Posts tagged ‘urban farming’
Farm Table Opens amid Urban Farm Fields
Riverpark Restaurant, a tony new restaurant off the FDR Drive in Midtown Manhattan, added a new twist to urban farming when it unveiled a novel outdoor growing operation that surprised even the most jaded New Yorkers. Peppers, eggplants, tomatoes and a multitude of other crops grew in thousands of double-stacked milk crates, the urban equivalent of farm fields.
Now diners can enjoy those fields close up. Riverpark Restaurant set up an outdoor “Farm Table,” which customers can reserve for family-style lunch and dinner celebrations. The restaurant can host up to 12 people at the outdoor table. There’s a minimum charge of $1,800 for dinner events. For lunch, it’s $1,400. (more…)
Staten Island’s Snug Harbor Heritage Farm had planned it for years. Last month, it finally happened. A one-acre field was tilled and covered with winter rye, hairy vetch and field peas and oats, marking the farm’s first official planting.
It was probably the longest-planned — or rather longest-delayed — planting ever, but Gus Jones, the farm’s newly hired full-time farm manager, wasn’t at all surprised.
The land was last used for agriculture 50 years ago, when cows grazed there, Jones explained. The forest had to be cleared, trees chopped and tree stumps removed. And compost — 1,000 cubic yards of it — had to be brought in. (more…)
The urban agriculture movement in New York City has made enormous progress this year. New legislation favoring urban farming was introduced. New farms opened. There’s even a new farm school. It all happened within the last nine months, all of it summarized here. (more…)
The temporary one-acre urban farm that opened in April at the Battery is not so temporary anymore. It will shift to a new location in the park when a planned bike path comes through in 2012, said Warrie Price, founder of the Battery Conservancy, a non-profit dedicated to revitalizing the Battery at the tip of Manhattan.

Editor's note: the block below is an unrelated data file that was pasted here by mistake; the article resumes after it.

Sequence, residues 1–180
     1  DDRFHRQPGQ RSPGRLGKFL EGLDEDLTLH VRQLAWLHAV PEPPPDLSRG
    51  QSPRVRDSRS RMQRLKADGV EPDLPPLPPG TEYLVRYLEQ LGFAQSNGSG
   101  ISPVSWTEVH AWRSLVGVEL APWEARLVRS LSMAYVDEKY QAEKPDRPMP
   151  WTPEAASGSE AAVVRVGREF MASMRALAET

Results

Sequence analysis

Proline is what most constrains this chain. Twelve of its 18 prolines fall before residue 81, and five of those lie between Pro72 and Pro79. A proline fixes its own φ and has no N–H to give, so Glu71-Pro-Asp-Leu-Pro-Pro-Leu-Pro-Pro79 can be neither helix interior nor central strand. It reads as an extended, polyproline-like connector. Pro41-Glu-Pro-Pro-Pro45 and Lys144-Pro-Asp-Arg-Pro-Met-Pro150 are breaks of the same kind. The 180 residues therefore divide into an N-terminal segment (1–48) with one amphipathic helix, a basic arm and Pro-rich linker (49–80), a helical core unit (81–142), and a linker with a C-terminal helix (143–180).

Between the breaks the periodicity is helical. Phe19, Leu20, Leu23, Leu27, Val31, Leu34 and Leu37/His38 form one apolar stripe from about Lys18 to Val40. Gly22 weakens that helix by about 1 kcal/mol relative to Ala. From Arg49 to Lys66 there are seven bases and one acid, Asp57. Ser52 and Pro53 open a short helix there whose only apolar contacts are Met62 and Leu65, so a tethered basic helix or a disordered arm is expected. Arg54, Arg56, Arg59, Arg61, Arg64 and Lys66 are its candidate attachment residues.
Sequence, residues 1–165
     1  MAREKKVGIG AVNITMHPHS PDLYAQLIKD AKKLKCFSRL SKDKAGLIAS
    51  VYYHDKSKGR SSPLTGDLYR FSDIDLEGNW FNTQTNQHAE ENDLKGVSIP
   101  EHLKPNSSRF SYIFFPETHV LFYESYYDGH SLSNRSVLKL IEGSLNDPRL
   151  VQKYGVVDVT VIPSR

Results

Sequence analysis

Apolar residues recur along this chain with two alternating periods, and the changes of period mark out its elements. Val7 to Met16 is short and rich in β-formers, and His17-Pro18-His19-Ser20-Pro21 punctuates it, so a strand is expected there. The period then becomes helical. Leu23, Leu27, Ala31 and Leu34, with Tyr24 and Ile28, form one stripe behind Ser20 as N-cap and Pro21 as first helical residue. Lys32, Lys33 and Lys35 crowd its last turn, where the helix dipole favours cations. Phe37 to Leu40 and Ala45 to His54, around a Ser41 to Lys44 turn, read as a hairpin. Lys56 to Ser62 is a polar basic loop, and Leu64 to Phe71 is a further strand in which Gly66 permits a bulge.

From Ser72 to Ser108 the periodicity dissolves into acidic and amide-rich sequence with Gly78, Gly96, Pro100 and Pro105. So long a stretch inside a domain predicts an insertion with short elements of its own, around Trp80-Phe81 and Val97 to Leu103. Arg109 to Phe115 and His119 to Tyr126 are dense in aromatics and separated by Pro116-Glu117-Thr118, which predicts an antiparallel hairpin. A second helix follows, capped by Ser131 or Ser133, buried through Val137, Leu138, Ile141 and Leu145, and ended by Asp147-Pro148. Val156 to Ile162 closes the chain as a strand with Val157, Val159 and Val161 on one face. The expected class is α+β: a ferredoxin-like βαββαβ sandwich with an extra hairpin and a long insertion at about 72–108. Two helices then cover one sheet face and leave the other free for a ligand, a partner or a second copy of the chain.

“It’s been too much of a great positive thing for the neighborhood and for us as an organization,” she said as she made her rounds amid rows of tomatoes, peppers, eggplants, beans and a riot of other crops on Saturday.
Since it opened, the farm has received a great deal of media attention with Inhabitat New York City naming it one of the city’s top five urban farms. It’s been a hit with neighborhood school children, Lower Manhattan residents and local community groups who “adopted” or planted half of the 100-plus vegetable beds. It also drew hundreds of volunteers eager to help the Battery run the operation.
“This is a dream come true,” said the farm’s manager Camilla Hammer, as a bevy of volunteers swirled around her with shovels, rakes and wheelbarrows. (more…)
BrightFarms, a Manhattan-based company that designs, builds and operates hydroponic rooftop greenhouses for others, is planning to build one for itself. The company will build a 25,000-square-foot greenhouse on top of a building near LaGuardia Community College in Long Island City, according to an article in the New York Daily News. The facility — slated for completion by March of next year — is expected to produce 200,000 pounds of fresh produce annually for the local markets. If built as planned, the hydroponic greenhouse will be the largest in the country.
In an interview with New York Bounty in July, BrightFarms discussed its plans for marketing rooftop greenhouses to supermarkets. The company was in talks with a dozen national supermarket chains, eight of which had signed up for the facilities.
BrightFarms will move its headquarters to the Long Island City rooftop location. It will build a 7,000-square-foot office space on the 32,000-square-foot roof it plans to lease.
After years of frustration, urban rooftop farmers now have reason to celebrate. Last month, the New York City Council passed legislation that will make the lives of rooftop growers a little easier. The legislation will help both greenhouse farmers and those that grow outdoors on soil-covered roofs. (more…)
New Yorkers showed overwhelming support for two food-related bills at a public hearing convened last month by the New York City Council Governmental Affairs Division. The proposed bills back recommendations in a plan to revamp the city’s food system and make local and regional food more available to New Yorkers. The plan was outlined in an 86-page report, FoodWorks, released by NYC Council Speaker Christine Quinn last year.
One of the proposed bills would require city agencies (more…)